Illumination With A Brain: Intelligent lighting control

While the light-emitting diode (LED) has gotten a lot of attention in recent years, another revolution has quietly developed in the background: intelligent (digital) lighting control. The future of lighting is solid-state, and it will be highly controlled.

Fully realized, intelligent control allows zoning as granular as individual luminaires, detailed functional programming, zoning and rezoning independent of wiring, layering of control strategies, and two-way communication. This means highly flexible and responsive lighting can be controlled in layers of strategies that can be changed as needed, and the system provides energy and maintenance information.


An intelligent lighting control system comprises dimmable ballasts or drivers; accessory devices, such as switches and sensors; power controllers, which may be the ballast or driver; and supporting hardware used for communication and data storage.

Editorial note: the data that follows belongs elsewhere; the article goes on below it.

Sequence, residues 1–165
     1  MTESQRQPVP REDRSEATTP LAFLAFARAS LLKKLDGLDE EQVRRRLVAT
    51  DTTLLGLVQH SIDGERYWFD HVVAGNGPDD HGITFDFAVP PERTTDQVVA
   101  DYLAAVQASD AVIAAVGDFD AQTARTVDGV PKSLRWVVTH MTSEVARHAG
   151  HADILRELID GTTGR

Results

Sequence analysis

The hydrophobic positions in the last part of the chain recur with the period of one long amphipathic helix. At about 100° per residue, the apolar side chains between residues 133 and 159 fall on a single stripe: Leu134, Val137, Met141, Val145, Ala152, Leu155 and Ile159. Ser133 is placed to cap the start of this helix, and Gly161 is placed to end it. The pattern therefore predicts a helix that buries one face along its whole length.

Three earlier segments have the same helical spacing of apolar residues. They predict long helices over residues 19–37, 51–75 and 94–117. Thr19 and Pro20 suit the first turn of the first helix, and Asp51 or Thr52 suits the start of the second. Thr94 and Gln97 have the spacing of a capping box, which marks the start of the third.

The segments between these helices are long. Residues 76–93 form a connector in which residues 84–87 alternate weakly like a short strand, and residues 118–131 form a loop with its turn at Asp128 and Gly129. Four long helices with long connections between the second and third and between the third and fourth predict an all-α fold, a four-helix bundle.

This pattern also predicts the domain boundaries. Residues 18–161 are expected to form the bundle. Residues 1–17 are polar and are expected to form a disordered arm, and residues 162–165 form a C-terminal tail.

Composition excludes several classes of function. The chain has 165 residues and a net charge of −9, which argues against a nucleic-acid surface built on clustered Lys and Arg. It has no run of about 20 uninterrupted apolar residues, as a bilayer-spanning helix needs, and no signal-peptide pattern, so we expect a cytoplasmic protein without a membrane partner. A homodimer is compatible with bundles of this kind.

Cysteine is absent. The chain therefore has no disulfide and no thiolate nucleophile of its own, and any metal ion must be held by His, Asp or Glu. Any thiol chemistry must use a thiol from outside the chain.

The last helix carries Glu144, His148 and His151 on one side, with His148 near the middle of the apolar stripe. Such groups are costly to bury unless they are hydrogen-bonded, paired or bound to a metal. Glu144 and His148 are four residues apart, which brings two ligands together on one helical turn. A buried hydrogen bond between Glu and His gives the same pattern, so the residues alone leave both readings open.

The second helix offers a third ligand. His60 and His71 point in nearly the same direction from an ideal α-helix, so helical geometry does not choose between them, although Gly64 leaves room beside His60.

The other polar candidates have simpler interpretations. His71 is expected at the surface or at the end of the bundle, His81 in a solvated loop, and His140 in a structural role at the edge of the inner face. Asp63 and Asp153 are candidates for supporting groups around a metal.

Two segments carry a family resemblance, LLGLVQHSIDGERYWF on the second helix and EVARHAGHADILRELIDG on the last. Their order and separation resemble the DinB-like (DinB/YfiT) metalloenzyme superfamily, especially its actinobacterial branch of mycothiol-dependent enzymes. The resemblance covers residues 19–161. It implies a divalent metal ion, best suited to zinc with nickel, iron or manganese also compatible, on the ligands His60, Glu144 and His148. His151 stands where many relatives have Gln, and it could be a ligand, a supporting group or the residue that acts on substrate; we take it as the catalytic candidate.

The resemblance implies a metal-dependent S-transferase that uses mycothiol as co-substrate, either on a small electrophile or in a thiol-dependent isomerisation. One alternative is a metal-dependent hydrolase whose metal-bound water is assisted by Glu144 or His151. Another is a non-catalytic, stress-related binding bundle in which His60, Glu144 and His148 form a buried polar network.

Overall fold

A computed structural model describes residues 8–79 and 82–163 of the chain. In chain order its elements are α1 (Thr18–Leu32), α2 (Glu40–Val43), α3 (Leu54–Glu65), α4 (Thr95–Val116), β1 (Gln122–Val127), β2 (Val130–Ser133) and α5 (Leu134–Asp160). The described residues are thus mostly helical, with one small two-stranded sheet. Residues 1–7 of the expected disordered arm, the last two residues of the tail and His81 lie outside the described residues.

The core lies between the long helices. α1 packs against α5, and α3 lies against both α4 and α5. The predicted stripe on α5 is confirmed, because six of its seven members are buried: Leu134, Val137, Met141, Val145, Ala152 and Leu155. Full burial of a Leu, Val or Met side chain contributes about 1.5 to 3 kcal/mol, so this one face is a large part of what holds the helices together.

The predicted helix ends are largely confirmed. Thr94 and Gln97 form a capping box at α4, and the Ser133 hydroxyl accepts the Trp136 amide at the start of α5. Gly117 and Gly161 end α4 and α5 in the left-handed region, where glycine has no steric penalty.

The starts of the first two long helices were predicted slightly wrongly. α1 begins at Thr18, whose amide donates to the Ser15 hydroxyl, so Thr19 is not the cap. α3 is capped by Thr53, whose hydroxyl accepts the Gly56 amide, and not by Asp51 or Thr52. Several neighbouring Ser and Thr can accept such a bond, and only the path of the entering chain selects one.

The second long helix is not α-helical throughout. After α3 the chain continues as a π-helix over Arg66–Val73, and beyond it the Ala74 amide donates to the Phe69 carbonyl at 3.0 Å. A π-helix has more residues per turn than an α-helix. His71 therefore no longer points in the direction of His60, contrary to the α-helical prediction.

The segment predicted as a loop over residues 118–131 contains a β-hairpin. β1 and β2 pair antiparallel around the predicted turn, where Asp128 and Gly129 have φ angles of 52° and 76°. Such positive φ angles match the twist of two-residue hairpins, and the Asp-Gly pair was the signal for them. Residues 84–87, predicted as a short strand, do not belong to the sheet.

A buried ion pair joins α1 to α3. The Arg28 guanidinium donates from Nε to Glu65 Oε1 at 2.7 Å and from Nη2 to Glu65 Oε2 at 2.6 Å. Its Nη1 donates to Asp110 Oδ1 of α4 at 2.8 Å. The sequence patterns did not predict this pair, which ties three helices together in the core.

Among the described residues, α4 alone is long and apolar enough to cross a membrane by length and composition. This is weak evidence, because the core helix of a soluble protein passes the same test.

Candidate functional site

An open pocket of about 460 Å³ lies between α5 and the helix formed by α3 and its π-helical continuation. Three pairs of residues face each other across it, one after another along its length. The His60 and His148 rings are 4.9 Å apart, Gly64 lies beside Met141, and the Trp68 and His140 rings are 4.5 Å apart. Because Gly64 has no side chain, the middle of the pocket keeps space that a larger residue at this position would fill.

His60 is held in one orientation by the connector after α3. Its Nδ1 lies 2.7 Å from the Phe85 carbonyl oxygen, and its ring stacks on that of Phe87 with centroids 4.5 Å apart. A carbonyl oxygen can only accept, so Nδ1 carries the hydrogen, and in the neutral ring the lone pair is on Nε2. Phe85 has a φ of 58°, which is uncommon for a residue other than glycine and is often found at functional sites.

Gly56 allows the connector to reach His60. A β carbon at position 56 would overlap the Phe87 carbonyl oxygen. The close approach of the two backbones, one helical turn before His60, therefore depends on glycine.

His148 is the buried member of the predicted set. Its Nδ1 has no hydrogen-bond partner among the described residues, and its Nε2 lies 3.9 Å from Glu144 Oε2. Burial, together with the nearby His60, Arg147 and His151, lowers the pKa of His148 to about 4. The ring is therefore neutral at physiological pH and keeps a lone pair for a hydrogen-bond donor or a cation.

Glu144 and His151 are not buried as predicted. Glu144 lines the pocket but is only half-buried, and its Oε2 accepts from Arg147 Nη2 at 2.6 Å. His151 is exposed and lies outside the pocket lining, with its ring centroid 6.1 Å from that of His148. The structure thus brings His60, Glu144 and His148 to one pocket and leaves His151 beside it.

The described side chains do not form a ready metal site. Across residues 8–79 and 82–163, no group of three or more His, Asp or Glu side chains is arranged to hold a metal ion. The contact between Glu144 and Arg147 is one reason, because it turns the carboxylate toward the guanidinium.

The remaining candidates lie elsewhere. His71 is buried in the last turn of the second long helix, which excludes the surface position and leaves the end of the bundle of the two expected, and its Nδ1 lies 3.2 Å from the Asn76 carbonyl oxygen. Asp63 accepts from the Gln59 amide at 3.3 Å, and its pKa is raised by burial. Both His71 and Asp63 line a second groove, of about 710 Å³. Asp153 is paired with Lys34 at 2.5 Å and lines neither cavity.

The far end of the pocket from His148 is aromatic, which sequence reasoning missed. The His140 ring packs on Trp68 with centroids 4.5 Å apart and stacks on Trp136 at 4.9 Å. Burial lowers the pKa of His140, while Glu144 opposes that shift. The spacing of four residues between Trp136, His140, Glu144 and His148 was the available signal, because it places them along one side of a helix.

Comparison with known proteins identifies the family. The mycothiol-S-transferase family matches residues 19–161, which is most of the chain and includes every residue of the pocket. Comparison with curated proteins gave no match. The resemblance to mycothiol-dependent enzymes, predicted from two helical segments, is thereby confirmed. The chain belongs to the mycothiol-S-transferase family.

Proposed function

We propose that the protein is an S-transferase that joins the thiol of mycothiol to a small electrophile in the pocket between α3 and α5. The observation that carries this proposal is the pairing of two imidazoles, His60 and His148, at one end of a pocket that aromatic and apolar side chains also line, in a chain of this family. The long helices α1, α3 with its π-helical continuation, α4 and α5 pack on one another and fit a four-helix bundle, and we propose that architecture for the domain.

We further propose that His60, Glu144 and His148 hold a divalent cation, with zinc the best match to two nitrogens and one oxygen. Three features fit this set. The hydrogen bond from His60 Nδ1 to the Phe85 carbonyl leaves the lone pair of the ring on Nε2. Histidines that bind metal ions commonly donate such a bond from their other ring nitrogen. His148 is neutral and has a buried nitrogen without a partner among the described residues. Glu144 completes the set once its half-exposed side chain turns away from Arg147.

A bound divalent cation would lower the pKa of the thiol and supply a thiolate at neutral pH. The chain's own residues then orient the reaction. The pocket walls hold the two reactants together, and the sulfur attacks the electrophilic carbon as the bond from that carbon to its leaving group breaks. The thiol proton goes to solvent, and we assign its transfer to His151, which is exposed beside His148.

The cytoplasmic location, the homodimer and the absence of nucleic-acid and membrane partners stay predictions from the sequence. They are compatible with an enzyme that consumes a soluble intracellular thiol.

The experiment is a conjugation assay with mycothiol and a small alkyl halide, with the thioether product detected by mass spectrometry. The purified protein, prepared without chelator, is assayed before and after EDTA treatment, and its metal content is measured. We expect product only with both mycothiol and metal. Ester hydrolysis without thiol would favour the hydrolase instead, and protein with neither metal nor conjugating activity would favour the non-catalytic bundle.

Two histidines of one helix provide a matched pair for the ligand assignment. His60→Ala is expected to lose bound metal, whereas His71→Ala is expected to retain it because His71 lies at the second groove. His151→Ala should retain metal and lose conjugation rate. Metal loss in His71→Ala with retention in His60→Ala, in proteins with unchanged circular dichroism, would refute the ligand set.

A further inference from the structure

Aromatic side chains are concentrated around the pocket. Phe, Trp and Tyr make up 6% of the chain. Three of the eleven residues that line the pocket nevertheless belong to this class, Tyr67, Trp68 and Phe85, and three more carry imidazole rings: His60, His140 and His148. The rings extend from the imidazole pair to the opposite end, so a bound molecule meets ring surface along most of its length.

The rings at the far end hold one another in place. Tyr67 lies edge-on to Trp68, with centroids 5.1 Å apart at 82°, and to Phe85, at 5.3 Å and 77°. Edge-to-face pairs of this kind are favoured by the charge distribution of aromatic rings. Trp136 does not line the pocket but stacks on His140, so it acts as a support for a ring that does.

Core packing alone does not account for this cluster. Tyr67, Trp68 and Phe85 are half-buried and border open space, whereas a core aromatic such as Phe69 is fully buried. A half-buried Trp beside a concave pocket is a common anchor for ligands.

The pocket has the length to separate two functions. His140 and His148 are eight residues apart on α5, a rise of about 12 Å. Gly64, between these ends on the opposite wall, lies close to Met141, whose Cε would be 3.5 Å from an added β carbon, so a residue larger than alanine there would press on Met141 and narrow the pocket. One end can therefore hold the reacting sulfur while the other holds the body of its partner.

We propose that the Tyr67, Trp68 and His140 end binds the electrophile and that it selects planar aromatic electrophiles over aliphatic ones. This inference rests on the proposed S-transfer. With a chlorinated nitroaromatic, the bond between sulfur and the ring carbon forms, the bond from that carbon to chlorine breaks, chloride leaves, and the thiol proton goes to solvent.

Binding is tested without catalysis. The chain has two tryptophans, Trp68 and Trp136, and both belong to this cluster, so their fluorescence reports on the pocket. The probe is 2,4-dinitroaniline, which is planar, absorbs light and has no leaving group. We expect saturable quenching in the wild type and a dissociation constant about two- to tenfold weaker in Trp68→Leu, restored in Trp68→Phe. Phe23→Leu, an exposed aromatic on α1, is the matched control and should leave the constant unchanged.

The lighting controller—where the processor (or intelligence) resides—may be distributed (within the control devices) or centralized (within a central server). The power controllers are connected using dedicated control wiring or radio signals to build a network in which each controller has a unique identifier address. These controllers can be programmed and operated individually or in groups. Manufacturers use a variety of configurations, so it pays to get to know each system.

The solution may be luminaire-, room- or building-/campus-based. For years, standalone controls have been available as an onboard option. The latest generation of luminaire-based controls pairs onboard sensors and a controllable driver with LED luminaires that communicate with each other using low-voltage wiring or radio waves, and they can be preconfigured to simplify commissioning.